PC plan takes money from the boardroom into the Emergency Room

October 01, 2013 at 10:23 am

Recognizes unique health care needs of rural Nova Scotia

HALIFAX, NS – A Progressive Conservative government will spend health dollars on patients, not on executives, PC leader Jamie Baillie said today.

Baillie unveiled the comprehensive PC plan for health care at the campaign headquarters of Andrew Black, PC candidate for Halifax Citadel-Sable Island.

“Funding meant for health care should not pay for the salaries of 10 CEOs, 72 vice presidents and hundreds of managers,” Baillie said. “That money should pay for insulin pumps for children, for cancer patients to travel for treatment and for more doctors and nurses.”

A PC government will reduce the number of District Health Authorities to three – one for Halifax, one for the rest of Nova Scotia and the IWK. The plan is expected to save about $60 million. The PC plan preserves volunteer Community Health Boards to enhance local decision making.

A PC government will strike a five-year agreement with the health authorities that holds executives accountable for real results, like shorter Emergency Room waits and real wait time reductions for procedures like hip and knee surgeries.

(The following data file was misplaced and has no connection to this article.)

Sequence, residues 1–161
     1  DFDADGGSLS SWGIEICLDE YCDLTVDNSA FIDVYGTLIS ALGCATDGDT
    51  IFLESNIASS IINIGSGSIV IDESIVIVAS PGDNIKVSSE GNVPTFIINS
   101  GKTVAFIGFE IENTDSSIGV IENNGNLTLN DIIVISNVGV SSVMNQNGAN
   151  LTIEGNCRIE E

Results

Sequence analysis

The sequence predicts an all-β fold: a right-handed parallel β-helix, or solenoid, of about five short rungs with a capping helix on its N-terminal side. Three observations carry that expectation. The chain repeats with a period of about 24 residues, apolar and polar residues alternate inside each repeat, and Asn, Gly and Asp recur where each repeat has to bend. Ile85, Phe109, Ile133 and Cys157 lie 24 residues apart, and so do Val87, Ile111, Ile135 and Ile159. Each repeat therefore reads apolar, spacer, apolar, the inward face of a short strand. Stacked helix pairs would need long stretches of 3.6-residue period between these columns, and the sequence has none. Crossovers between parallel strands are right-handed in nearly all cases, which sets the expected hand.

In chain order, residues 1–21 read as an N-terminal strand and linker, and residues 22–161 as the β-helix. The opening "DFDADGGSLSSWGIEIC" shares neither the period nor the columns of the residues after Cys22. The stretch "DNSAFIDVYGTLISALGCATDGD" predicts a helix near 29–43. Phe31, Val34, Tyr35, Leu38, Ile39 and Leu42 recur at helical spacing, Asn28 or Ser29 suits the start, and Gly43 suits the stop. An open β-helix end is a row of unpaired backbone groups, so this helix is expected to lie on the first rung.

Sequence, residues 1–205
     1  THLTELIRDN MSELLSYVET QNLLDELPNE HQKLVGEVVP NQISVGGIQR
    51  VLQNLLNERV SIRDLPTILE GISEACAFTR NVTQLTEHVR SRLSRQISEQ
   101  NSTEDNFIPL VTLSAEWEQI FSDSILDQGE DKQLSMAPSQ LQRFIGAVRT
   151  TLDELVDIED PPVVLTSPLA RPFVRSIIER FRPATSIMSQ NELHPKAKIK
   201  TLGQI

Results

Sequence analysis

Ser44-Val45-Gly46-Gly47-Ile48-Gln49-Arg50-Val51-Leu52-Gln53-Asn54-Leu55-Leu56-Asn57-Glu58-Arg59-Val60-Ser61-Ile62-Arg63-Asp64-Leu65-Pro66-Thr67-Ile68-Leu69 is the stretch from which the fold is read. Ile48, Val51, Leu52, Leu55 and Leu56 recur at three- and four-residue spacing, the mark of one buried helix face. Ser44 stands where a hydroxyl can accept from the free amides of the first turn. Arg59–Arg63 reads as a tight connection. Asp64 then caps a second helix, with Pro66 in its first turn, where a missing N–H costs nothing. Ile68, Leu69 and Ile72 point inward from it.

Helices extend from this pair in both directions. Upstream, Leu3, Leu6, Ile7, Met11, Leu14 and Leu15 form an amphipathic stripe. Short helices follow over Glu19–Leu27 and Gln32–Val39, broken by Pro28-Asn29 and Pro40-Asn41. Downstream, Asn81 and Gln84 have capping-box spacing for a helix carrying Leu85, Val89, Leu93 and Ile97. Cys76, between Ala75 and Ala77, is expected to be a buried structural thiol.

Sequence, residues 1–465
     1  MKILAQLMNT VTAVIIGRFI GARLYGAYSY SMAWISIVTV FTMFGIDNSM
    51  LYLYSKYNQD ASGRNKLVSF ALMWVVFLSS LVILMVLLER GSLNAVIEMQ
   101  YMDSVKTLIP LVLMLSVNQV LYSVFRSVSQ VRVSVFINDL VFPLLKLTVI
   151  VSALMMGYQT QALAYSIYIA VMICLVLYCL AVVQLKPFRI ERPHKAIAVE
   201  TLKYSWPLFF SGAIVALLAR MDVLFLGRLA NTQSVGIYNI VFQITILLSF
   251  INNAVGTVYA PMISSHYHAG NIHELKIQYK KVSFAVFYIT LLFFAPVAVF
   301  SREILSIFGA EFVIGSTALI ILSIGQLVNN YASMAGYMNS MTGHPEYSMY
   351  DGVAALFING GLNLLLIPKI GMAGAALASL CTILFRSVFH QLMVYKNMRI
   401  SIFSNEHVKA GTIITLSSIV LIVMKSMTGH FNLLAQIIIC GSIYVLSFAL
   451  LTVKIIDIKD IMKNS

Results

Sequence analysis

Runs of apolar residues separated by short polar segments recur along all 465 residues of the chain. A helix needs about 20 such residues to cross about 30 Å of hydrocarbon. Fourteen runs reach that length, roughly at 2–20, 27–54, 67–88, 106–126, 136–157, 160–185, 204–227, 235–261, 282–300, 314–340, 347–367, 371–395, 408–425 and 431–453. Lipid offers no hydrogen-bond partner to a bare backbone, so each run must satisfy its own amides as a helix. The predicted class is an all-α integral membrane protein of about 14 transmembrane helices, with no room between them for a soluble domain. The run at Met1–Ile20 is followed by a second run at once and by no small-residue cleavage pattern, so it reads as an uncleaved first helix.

Other highlights of the PC health care plan include:

• Incentives for doctors to practice in underserviced areas

• New regulations to enable pharmacists to do more

• Expanding the BTO program so more cancer patients and their families get the help they need

• Investing in local health care capital priorities when communities have raised funds

• Creating Community Care Centres that bring together family health care, early childhood learning and elder care under one roof

The NDP defend the status quo of hundreds of six-figure salaries, long wait times, taxpayer funded Tim Hortons and closed signs on rural ERs.

“The Liberals’ ‘one size fits all’ plan ignores the unique health delivery challenges in rural Nova Scotia,” Baillie said. “Stephen McNeil’s plan is to make all health care decisions in Halifax.”

The reduction in the number of health authorities will not impact seniority for unionized employees.

Only the Progressive Conservative plan, Change that Works, strikes the right balance. It directs funding to the services Nova Scotians need and recognizes that rural health care needs are unique.